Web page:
10 Tips for Paying Back a Student Loan

Student loans are on the rise, with national debt now totaling $1.56 trillion — an average of $32,731 per student. While many lenders offer an interest-free grace period, students just starting their careers are often focused on other life goals. As a result, paying off student loan debt often takes years — or decades — and can add significant stress to the lives of former students.

Wondering how to pay off student loans fast? We’ve got you covered.

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In this article

    10 Best Ways to Pay Off Student Loans

    1. Pay more than the minimum payment

    When it comes to paying back student loans, think of them like credit card debt. If you only pay the minimum payment, it’s almost impossible to get ahead. The reason? Nearly all of your minimum payment goes toward paying down the interest that accrues on your debt every month, with only a tiny portion going directly to the principal. Even if you increase your payment by small amounts — $20 or $50 per month — you can save thousands in interest over time.

    2. Avoid certain repayment plans

    Not all repayment plans are created equal. As an example, consider federal government programs for income-based repayment designed to help students who can’t afford their minimum payment each month. These repayment plans lengthen your term from the standard 10 years to 20 or 25 years. This makes paying back your student loans take much longer, and you’ll pay significantly more interest over 20 years than 10.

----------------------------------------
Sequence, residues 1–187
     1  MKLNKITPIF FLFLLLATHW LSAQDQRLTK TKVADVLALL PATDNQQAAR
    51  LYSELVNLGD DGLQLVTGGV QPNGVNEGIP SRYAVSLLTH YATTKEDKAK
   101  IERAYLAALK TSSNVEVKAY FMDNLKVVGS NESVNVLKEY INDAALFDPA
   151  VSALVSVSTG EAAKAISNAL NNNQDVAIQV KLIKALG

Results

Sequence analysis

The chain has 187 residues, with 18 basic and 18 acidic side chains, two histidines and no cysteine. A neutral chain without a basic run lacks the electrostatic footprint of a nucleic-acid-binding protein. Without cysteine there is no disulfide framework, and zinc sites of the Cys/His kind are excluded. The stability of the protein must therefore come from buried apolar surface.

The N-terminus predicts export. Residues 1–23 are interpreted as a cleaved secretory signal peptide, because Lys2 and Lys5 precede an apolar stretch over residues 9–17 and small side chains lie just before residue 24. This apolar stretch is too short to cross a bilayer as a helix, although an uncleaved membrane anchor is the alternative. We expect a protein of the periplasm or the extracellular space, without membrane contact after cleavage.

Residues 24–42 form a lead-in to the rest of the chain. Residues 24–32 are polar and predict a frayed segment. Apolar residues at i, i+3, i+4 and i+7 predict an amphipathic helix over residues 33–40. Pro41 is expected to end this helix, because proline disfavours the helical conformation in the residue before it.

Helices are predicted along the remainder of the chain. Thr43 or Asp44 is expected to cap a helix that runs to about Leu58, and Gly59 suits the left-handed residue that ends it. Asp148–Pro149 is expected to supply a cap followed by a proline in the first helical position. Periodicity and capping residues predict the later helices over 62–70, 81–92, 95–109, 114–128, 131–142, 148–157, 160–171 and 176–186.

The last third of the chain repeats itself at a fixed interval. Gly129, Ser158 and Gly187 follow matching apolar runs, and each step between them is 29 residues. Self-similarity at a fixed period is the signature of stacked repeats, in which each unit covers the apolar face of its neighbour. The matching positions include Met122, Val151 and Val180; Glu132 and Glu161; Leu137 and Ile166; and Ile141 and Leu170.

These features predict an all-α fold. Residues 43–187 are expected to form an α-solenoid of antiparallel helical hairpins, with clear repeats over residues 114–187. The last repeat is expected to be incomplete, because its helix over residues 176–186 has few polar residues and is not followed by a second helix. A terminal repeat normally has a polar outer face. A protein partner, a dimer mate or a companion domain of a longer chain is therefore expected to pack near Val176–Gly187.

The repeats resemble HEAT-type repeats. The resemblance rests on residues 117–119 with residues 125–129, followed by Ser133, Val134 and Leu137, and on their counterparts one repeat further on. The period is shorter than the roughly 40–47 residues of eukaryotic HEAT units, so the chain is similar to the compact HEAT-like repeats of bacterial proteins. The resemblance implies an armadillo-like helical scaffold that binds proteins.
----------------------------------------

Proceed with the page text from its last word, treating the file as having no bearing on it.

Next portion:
3. Use your job to your advantage

    Wondering how to get out of student loan debt without paying? Some jobs make this possible. For example, many front-line service staff — such as doctors, nurses, government workers and volunteer organization employees — are eligible for loan forgiveness or assistance programs through their organization. Some private sector companies have also started bundling loan assistance into benefit packages to help attract new hires.

    4. Consider refinancing your student loans

    Under certain circumstances, the best way to pay off student loans is to refinance your debt with another lender and reduce your interest rate. This is worth considering if your financial situation has improved significantly over time — since you’re in a more stable income and savings position, private lenders will often offer lower interest rates on your remaining student loan balance. It’s worth noting, however, that if you move federal student loans to private lenders, you’ll no longer be eligible for government assistance or debt relief.

    5. Take advantage of tax deductions and credits

    There are two tax deductions that can help reduce your overall tax burden and make it easier to pay student loan debt.

    First is the Student Loan Interest Deduction, which lets you deduct up to $2,500 of interest paid on student loans from your taxable income. If you’re still in school or have returned for post-graduate work, you can also leverage deductions up to $4,000 per year for tuition and fees.

    6. Enroll in autopay